Subtle and Oblique by Design

Saturday, November 13, 2021

What did Jesus indicate? 

Shop talk. Get ready for some theological shop talk. I must necessarily get detailed and somewhat technical in this post.  

A single word will examined. I want to make a case for translating and interpreting an old Greek word in a very particular way. How this one rather inconspicuous word gets translated does indeed matter. It matters because this one word informs readers of the Book of Revelation as how they should approach and understand the entire book. 

The old Greek word is σημαίνω, which may be indecipherable to you. It is pronounced “say-mah-ee-no.” It is a verb. The most generic way to translate this verb into English is the word indicate. And as far as translations go, indicate works well enough. But the word σημαίνω needs to nuanced according to how it is used in a particular sentence, in a particular context. The context I have in mind is the very first verse of Revelation, in which Jesus indicated something.

For those of you who know a bit of New Testament Greek, you will notice that the word σημαίνω has shape-shifted a bit in Revelation 1:1. That is to say, it appears as a cognate in verse one, as ἐσήμανεν (“es-ay-mah-nen”). The reason the word looks a bit different is because the word has shifted into what we would call the past tense. In case you’re interested in grammatical exactness, in Revelation 1:1 the word ἐσήμανεν should be parsed as follows: It is the aorist – indicative – active – third person – singular. And it can be translated as he indicated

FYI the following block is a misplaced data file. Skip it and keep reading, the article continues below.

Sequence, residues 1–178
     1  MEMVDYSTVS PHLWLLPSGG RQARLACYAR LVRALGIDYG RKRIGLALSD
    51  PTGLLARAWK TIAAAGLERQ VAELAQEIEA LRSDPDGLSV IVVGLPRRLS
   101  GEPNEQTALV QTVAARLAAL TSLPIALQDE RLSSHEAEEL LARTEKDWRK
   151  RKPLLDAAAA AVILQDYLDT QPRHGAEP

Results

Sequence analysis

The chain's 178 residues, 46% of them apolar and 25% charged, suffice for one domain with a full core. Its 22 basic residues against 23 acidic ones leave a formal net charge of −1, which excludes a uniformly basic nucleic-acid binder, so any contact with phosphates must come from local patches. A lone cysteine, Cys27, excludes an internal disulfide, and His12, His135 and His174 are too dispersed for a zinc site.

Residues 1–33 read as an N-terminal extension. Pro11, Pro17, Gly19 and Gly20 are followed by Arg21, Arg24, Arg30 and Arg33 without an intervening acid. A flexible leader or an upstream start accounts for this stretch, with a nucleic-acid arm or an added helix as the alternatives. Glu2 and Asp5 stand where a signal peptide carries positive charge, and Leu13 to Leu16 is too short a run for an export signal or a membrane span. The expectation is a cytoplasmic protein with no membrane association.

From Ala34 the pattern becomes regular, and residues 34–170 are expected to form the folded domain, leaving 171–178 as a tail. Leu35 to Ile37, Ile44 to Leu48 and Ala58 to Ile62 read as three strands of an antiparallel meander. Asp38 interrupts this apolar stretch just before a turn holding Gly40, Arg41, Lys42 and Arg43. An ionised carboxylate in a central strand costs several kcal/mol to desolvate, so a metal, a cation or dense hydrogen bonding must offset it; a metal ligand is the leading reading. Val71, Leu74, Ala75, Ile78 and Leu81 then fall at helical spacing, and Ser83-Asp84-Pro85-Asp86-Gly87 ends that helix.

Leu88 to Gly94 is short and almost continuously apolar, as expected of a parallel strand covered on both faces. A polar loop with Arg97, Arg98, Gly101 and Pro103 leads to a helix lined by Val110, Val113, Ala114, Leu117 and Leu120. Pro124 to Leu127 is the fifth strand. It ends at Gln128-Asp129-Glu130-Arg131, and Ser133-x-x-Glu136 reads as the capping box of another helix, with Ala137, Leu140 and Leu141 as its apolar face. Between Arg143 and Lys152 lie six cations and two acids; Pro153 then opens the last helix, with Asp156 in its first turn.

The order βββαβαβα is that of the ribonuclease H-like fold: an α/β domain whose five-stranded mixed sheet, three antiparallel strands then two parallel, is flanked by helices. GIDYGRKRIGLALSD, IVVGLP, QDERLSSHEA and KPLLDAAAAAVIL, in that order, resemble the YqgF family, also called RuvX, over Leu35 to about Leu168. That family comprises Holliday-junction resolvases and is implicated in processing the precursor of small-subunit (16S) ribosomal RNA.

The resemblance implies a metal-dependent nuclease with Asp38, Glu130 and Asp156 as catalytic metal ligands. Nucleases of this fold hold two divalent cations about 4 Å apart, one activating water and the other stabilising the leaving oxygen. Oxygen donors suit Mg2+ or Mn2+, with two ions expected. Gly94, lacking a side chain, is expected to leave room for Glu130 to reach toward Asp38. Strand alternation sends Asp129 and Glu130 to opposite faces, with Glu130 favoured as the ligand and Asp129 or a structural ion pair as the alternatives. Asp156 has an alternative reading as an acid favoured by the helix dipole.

At this point, you might ask, “Okay, the most generic translation of this word from New Testament Greek into English is he indicated; so what? Why should I care?”

Well, there is a problem here, actually. The problem is that John, the writer of the Book of Revelation, uses the word ἐσήμανεν with a slight nuance. And it matters that his slight nuance is recognized. When John uses ἐσήμανεν, he means that something is not stated directly but indirectly. Something is being alluded to or hinted at or even encrypted.   

At this point, I imagine a good friend of mine saying, “But why should anyone believe you rather than the learned Bible translators?” A good question, good friend. What my good friend knows is that most Bible translators do not translate ἐσήμανεν with any sense of indirectness or opaqueness. 

That’s too bad, though. The translators should have caught the particular nuance in usage in Revelation 1:1. But because their semantic range of reference was too broad, they didn’t. They should have narrowed their focus to just how John uses the word. But for whatever reason, they didn’t. If they had focused just upon John’s usage, they would have noticed that John consistently uses the word σημαίνω and its cognates to convey indirectness, as communication that is not immediately apparent, but which needs to be examined carefully and figured out.

And now my friend is saying, “Okay, prove it.”

Okay, I will. It is not that hard. Just do a selective word study of σημαίνω and its cognates. Look at how John consistently uses the word.